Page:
Art by E.R. Bills

In various and fluctuating levels of awareness, we knew this was coming.

Rivers ceased to flow. Lakes and reservoirs dropped to record-low levels or dried up altogether. Maybe not every year in every region but pretty regularly over the last decade. Then Smokehouse Creek Fire in the Panhandle this past February — the largest wildfire in Texas history.

In 1896, Swedish scientist Svante Arrhenius first predicted that changes in atmospheric carbon dioxide levels could substantially alter the surface temperature through the greenhouse effect. In 1938, English steam engineer (and amateur climate scientist) Guy Callendar began gathering climate records from almost 150 weather stations around the world. From this data — and while completing all the calculations by hand — he demonstrated that global temperatures had risen 0.3°C over the previous half-century (which roughly parallelled the Second Industrial Revolution and its short-term repercussions). Callendar suggested that carbon dioxide (CO2) emissions from industrial processes were responsible for planetary warming, but his ideas were dismissed because other scientists refused to accept the premise that human beings might be capable of drastically impacting the environment.


Callendar’s rudimentary estimates of climate change proved to be remarkably accurate and consistent with modern assessments, but the term “global warming” didn’t appear until a Science journal article published on Aug 8, 1975. Titled “Climatic Change: Are We on the Brink of a Pronounced Global Warming?,” it was written by American geochemist Wallace Smith Broecker.

It sent up red flags in corporate boardrooms from sea to shining sea.

American corporatists preempted public concerns by funding studies disproving serious analysis of global warming and climate change and favoring reports that underemphasized what was a stake, but for anyone who was really paying attention, the truth was obvious. The truth, however, was a liability.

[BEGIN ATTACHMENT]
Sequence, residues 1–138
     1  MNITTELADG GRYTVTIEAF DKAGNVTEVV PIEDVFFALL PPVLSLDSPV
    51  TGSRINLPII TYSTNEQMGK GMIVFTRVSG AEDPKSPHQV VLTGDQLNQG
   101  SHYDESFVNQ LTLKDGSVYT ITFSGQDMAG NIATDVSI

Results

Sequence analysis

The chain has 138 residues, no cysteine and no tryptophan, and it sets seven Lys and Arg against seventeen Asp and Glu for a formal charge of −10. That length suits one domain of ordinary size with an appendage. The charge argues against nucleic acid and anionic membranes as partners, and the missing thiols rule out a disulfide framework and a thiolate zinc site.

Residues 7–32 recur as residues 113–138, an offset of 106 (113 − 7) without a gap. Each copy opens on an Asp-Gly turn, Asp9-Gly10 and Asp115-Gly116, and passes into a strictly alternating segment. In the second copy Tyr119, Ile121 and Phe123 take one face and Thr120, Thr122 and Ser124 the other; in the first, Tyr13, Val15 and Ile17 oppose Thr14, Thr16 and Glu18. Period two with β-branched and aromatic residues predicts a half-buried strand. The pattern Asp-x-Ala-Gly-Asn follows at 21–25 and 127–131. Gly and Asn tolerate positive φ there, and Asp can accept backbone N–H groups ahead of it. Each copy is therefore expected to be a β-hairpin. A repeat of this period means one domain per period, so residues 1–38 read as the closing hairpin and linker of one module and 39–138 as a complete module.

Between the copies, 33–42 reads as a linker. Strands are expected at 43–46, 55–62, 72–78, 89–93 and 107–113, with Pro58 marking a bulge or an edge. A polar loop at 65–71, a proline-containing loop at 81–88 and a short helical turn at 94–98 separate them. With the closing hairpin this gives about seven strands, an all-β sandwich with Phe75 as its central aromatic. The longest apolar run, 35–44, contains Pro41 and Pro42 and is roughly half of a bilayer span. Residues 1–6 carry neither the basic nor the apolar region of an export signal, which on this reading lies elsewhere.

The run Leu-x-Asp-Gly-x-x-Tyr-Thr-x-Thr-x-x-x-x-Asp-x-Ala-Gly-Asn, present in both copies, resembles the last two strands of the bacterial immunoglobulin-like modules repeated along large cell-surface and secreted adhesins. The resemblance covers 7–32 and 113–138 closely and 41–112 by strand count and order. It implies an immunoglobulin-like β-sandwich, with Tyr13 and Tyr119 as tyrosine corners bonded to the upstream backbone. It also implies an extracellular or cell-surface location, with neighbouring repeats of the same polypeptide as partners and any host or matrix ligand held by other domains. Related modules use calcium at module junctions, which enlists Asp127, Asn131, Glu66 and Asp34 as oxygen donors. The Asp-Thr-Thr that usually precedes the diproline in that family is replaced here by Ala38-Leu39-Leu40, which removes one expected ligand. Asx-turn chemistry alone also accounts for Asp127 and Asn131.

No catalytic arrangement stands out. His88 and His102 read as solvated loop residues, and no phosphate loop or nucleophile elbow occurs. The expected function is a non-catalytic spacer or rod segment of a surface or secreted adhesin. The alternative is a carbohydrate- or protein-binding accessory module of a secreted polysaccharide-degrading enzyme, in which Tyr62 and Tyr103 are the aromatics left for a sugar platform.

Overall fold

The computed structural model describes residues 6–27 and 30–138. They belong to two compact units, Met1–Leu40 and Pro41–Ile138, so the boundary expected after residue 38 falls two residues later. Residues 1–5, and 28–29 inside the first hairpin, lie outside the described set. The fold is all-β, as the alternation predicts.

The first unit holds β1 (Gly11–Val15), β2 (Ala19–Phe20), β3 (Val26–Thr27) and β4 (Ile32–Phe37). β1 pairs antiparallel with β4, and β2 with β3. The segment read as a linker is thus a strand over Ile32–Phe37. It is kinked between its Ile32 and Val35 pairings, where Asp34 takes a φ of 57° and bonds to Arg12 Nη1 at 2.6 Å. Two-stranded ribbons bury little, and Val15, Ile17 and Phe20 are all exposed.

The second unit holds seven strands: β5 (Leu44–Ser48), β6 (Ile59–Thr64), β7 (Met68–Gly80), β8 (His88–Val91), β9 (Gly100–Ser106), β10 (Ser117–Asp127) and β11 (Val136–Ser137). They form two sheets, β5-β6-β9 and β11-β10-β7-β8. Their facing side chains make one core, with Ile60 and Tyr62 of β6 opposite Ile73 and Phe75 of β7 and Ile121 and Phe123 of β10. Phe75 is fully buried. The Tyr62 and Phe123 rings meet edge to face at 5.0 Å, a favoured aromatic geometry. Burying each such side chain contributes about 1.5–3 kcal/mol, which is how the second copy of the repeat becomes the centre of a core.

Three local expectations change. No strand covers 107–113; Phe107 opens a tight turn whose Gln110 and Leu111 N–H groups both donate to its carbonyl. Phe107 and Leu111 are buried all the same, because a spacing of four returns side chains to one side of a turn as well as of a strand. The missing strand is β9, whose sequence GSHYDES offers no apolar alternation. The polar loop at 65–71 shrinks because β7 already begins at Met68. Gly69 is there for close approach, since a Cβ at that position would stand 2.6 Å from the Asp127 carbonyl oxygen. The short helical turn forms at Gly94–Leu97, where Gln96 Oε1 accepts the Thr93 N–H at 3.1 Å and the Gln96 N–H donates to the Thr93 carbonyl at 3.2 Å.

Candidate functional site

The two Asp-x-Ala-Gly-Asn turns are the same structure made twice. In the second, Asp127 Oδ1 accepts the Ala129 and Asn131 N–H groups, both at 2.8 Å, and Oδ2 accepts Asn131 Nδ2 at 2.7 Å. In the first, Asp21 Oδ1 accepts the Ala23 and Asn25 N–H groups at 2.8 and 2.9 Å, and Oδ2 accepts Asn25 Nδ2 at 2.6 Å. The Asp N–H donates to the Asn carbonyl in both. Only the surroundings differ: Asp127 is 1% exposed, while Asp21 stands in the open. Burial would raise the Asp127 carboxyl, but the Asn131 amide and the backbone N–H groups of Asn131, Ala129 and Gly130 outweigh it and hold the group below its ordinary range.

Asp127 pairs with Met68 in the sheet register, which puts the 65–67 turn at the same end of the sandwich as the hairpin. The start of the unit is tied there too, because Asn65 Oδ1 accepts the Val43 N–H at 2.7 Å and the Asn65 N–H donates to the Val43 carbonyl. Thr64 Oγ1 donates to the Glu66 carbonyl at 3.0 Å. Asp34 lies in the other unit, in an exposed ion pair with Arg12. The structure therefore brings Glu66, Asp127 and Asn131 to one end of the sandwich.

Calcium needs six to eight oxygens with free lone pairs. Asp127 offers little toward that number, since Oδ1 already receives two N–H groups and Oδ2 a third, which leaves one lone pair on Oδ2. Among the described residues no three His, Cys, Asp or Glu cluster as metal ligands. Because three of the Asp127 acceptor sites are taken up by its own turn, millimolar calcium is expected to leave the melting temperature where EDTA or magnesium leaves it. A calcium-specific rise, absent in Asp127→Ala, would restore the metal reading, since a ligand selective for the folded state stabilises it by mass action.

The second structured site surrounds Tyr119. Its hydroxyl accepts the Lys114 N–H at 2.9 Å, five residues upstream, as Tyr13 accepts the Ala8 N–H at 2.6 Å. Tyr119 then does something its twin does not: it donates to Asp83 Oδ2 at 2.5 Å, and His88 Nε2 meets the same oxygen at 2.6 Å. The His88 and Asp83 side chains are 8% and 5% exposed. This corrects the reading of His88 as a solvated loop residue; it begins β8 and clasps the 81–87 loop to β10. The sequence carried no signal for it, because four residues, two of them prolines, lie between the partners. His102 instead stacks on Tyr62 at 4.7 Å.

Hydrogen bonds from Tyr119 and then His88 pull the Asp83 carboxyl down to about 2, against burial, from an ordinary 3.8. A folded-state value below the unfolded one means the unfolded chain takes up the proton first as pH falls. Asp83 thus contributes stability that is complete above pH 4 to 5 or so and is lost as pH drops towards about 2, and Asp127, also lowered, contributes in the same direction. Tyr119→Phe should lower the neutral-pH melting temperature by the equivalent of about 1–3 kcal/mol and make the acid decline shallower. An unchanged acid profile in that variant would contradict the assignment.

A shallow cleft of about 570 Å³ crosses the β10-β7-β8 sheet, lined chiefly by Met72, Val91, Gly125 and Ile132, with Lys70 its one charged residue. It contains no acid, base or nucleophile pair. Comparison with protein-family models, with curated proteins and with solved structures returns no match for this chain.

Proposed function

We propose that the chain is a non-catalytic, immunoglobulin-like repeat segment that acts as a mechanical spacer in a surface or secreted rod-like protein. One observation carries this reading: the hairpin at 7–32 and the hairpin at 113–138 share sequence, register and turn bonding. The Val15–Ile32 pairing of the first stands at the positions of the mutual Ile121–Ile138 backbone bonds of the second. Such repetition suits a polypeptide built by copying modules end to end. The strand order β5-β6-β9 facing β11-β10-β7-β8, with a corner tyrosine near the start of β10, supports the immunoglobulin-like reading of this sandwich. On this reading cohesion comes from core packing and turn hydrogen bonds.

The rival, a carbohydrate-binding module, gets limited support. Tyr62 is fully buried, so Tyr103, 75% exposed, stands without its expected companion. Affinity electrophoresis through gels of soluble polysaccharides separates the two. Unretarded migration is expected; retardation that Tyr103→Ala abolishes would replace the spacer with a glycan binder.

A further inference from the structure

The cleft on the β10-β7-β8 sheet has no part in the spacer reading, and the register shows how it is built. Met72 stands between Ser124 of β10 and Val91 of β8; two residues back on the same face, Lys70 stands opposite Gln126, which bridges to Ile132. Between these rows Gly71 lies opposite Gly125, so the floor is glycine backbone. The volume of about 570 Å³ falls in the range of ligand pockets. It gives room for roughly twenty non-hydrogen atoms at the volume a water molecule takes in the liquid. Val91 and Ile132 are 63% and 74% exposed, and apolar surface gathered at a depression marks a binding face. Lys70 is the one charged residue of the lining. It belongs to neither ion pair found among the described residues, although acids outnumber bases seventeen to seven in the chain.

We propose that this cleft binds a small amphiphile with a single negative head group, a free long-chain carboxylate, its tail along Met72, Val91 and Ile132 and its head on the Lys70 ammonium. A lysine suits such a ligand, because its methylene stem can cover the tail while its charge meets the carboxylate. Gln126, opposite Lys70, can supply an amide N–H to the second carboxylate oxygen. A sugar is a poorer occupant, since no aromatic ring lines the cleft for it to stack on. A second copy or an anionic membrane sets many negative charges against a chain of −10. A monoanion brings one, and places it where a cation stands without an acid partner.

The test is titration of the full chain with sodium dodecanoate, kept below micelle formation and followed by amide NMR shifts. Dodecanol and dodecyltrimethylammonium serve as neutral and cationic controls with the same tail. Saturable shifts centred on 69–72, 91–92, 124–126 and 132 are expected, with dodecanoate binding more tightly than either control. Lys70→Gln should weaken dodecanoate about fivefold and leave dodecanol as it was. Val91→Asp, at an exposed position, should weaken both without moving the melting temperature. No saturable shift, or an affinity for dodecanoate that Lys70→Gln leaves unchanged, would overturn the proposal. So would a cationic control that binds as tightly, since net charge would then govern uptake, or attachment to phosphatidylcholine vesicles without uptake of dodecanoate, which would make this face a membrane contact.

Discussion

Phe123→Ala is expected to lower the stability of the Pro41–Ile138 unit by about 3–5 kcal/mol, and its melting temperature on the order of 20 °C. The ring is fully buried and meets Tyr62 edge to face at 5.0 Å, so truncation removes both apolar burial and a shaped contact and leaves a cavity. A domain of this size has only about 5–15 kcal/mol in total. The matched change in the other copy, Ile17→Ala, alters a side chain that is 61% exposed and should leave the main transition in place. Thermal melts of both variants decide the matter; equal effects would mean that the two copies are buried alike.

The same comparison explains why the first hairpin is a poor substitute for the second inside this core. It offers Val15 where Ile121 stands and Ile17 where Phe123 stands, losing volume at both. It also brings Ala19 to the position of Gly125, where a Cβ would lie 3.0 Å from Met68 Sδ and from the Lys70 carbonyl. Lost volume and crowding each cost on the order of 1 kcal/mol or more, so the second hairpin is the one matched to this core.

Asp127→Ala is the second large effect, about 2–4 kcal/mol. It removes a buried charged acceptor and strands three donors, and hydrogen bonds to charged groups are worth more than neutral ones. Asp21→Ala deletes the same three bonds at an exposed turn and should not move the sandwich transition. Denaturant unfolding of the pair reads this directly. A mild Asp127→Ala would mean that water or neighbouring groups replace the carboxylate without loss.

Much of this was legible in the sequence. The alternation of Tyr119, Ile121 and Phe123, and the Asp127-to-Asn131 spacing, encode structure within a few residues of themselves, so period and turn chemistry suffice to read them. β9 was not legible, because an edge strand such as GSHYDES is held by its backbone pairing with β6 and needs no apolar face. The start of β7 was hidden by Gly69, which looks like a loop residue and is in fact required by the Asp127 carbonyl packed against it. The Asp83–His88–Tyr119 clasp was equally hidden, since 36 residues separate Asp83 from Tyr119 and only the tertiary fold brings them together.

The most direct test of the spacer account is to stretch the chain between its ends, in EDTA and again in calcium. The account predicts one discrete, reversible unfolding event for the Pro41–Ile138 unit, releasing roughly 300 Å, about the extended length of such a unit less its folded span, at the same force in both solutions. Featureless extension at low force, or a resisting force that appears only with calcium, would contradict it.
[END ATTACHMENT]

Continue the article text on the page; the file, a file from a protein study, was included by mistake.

Now, coming up on 50 years later, the truth is more accessible than ever, but no one wants to address it. And Texas is at the forefront of American heedlessness.

Just this past Earth Day — April 22, 2024 — the Texas A&M Office of the Texas State Climatologist issued the report “Assessment of Historic and Future Trends of Extreme Weather in Texas, 1900-2036.” In 40-plus pages, the authors predict that for the next 12 years, things will be hotter and dryer and wildfires will get worse and expand eastward. Meanwhile, the seas in the Gulf of Mexico will rise, and Gulf storms will become larger and more frequent. And winter as a season, at least, will wither, shrink, and occasionally disappear — unless, as those pesky folks who are paying attention, again, wonder, global warming hastens the next ice age. Then, the planet will enjoy winter all year long for centuries.

But who cares when profits are up.

As of August 2023, Texas was responsible for 42% of total United States crude oil production. As of October 2023, Texas was responsible for 43% of all the natural gas produced in America. Also, as of October 2023, Texas was producing 52% of the nation’s exportable natural gas liquids.

No wonder so many Texans walk around with guns.

Like William Barret Travis, Texans have drawn a line in the sand, but this time, we’re behaving more like Charlie Manson than that Lone Star legend of old, vowing to normalize heat death and defend a super-sized Alamo constructed from hundreds of thousands of tons of plastic that lie in the 620,000-square-mile Pacific Ocean Garbage Patch — which is, of course, an obscenely profitable derivative of fractional crude oil distillation.

So, let’s not be coy. Texas has made gazillions from trickle-down ecocide, and we have no plans to quit. Heck, you and I even enjoy front row seats. We knew this was coming.

We just didn’t want to deal with it. Hell, we still have political leaders and pundits who refuse to acknowledge what’s even happening. So, by proxy, they’re arguably straight-facedly orchestrating this hellishness — but they will never be held responsible for it. And they definitely won’t be the ones sweating or burning or dying as a result.

But why extend the Texas State Climatologist Earth Day report only through 2036?

Travis knows the official answer to that.

The year 2036 marks the 200th anniversary of Texas Independence. Unofficially, however, conditions project to get so much worse by 2050 that truncating the truth with a historical marker was probably all the powers that be could stomach.

Capitalism is a flamethrower, and, in the end, we’ll be reduced to cinder by corporate greed or frozen to death by our own mad obliviousness.


Fort Worth native E.R. Bills is the author of Texas Obscurities: Stories of the Peculiar, Exceptional & Nefarious and Tell-Tale Texas: Investigations in Infamous History.


This column reflects the opinions and fact-gathering of the author(s) and only the author(s) and not the Fort Worth Weekly. To submit a column, please email Editor Anthony Mariani at He will gently edit it for clarity and concision.